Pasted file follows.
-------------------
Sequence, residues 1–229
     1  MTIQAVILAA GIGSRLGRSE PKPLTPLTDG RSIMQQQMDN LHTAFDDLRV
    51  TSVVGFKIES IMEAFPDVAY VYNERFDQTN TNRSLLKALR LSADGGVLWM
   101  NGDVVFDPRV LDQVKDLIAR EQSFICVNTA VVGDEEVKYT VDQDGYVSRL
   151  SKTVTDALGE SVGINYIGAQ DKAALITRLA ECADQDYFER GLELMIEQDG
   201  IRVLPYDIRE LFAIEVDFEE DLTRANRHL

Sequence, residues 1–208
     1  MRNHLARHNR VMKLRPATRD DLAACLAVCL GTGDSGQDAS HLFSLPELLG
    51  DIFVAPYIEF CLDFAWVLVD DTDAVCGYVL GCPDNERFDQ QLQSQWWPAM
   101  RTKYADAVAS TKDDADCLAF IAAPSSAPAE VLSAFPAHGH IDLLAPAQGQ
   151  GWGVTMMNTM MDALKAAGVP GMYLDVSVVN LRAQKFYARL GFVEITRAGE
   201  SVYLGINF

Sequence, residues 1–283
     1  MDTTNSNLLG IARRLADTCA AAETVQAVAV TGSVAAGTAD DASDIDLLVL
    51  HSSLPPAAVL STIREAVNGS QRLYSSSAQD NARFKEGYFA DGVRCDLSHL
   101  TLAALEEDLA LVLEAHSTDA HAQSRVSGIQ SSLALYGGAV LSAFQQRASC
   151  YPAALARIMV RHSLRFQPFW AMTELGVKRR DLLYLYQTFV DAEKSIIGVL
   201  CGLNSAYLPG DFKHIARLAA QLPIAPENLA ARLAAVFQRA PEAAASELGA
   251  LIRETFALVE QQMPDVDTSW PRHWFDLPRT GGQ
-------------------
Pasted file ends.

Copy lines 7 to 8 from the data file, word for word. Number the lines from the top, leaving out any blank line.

Sequence, residues 1–208
     1  MRNHLARHNR VMKLRPATRD DLAACLAVCL GTGDSGQDAS HLFSLPELLG